In Days Gone By

In Days Gone By: Folklore and Traditions of the Pennsylvania Dutch by Audrey Burie Kirchner and Margaret R. Yassia. Englewood,.CO: Libraries Unlimited, 1996. ISBN 1-56308-381-7 $27123 pp.

A number of groups make up the Pennsylvania Dutch. Part I of the book discusses the life and history of these Germans who came to Pennsylvania as early as 1683. It covers their dialect, home and family life, major occupations, folkarts, holidays, and two major contributions of the Pennsylvania Dutch: the Conestoga wagon, and the Pennsylvania rifle.

Part II is devoted to the folklore of the people, beginning with childhood rhymes (in English and German), then moving on to plant legends, tall tales, folktales and Eileschpiggel (cf Tyl Eulenspiegel) stories. Part III tempts the reader with seven pages of traditional recipes ranging from shoo~fly pie to soft pretzels. Story sources and a selected bibliography comprise Part IV.

This book is part of Libraries Unlimited's World Folklore series. It is simply written, making it of use to students and teachers. Information is presented briefly, in a factual, reporting style. It is illush"ated throughout with photos, and line drawings of various German folk motifs, and there is a section of colour photos after Part ll. My preference would have been to place the colour photos near the subjects they illustrate, rather than all ill a group.

.The book could have been of even more interest to elementary school teachers, had the authors chosen to include simple instructions in some of the folk art sections.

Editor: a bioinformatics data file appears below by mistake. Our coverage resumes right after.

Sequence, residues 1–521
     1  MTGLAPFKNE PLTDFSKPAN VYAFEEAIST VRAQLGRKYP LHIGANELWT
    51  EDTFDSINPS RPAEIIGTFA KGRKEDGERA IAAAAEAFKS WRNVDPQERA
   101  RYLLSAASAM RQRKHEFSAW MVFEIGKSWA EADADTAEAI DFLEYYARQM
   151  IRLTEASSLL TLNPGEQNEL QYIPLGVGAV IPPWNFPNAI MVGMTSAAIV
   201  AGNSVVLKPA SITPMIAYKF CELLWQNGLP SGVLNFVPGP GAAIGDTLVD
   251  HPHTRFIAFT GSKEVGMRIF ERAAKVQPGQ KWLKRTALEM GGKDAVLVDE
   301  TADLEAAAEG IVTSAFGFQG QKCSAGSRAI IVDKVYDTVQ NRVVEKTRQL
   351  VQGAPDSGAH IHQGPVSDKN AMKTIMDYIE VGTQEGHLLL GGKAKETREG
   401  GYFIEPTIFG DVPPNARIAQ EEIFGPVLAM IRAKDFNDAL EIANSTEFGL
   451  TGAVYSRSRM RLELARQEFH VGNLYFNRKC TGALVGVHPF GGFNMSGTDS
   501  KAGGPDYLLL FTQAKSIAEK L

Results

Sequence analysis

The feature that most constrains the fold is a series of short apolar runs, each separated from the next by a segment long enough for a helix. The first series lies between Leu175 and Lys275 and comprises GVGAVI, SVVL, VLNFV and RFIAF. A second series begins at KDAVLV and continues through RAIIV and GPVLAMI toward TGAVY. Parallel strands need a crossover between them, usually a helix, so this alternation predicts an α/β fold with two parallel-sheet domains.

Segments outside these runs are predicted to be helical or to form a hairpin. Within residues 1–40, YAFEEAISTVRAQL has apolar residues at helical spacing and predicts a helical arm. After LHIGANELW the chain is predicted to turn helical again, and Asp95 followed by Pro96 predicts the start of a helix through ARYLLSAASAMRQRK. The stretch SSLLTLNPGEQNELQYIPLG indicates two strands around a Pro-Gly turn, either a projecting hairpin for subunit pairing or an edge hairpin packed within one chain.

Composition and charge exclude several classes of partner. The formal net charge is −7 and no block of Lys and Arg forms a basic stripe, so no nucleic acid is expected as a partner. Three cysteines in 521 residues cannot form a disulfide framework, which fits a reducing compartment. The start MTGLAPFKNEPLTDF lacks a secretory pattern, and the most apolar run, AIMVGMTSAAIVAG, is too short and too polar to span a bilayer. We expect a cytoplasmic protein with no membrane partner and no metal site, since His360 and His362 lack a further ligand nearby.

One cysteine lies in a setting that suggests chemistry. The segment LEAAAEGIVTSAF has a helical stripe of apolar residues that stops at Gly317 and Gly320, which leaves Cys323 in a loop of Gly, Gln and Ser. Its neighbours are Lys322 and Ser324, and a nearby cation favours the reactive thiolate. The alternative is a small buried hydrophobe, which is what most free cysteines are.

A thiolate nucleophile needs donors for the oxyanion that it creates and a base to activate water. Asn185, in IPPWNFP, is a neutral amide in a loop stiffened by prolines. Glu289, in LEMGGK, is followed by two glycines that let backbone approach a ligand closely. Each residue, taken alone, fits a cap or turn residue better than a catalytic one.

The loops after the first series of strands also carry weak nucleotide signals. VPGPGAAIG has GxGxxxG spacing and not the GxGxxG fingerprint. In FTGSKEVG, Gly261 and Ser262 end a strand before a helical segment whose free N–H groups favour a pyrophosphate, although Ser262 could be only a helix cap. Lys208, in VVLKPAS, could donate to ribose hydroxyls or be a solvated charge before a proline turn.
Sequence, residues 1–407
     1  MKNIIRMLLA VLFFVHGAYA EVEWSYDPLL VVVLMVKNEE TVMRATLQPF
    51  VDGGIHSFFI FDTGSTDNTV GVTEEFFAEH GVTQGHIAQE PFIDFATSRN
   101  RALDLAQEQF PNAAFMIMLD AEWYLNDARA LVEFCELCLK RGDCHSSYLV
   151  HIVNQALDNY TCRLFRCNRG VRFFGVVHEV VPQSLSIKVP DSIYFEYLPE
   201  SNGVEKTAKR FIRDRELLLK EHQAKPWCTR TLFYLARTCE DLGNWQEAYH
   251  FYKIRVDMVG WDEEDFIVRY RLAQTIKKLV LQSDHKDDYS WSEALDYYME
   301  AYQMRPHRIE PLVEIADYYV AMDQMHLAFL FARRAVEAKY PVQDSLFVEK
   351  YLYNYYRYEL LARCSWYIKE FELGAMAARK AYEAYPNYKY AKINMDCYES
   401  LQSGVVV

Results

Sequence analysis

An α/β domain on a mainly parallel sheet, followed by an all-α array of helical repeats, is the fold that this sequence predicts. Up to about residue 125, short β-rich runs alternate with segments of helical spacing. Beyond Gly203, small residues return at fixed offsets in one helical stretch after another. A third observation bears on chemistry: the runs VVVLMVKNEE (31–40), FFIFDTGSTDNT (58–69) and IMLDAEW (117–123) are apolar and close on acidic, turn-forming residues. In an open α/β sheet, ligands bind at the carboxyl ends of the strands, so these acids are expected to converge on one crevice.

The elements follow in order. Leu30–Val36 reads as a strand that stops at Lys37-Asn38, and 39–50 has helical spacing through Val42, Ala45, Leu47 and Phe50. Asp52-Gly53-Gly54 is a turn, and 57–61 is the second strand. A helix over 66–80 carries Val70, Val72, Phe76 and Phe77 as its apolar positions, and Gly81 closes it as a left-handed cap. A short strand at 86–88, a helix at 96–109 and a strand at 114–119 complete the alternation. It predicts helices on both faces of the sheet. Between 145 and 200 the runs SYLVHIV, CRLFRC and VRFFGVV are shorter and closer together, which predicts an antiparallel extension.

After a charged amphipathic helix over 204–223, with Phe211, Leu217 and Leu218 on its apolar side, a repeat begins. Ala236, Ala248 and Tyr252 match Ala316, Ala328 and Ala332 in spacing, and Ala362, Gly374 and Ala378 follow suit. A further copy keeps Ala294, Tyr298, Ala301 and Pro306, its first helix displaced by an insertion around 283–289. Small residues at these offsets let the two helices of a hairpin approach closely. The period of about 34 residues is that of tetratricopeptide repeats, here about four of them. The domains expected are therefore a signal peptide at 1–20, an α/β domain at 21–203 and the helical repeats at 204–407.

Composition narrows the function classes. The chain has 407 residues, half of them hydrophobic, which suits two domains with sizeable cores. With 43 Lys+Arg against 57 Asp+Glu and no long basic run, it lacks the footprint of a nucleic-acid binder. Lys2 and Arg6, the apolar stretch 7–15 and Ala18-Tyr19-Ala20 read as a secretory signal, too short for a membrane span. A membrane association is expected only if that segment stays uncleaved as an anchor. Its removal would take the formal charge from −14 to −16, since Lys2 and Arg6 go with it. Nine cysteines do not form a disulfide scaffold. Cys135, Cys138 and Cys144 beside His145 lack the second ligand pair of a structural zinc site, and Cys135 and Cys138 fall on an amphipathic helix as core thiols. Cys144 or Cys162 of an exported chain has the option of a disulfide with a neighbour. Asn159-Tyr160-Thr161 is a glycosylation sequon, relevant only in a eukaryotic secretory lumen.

Many of the folktales are variants of familiar stories, but. others are unique. Witchcraft and the devil playa part in many. These stories, as the authors point out in the introduction, would not be told by the Amish whose stories are rooted in religion and everyday happenings. I would like to know which, if any, of the tales included would be told by the Amish. There is a plainness to the telling of the stories, and I'm not sure if it is typical of the region, or if the stories lost the flow and detail which I associate with the spoken word when they were put down on the page. Still, many of these tales are not readily available elsewhere. I know of no other book which meets the needs that this one does, and I'm sure it will be a welcome addition to school and library shelves.

The Second Story Review, Vol 1, No. 3, September 1996
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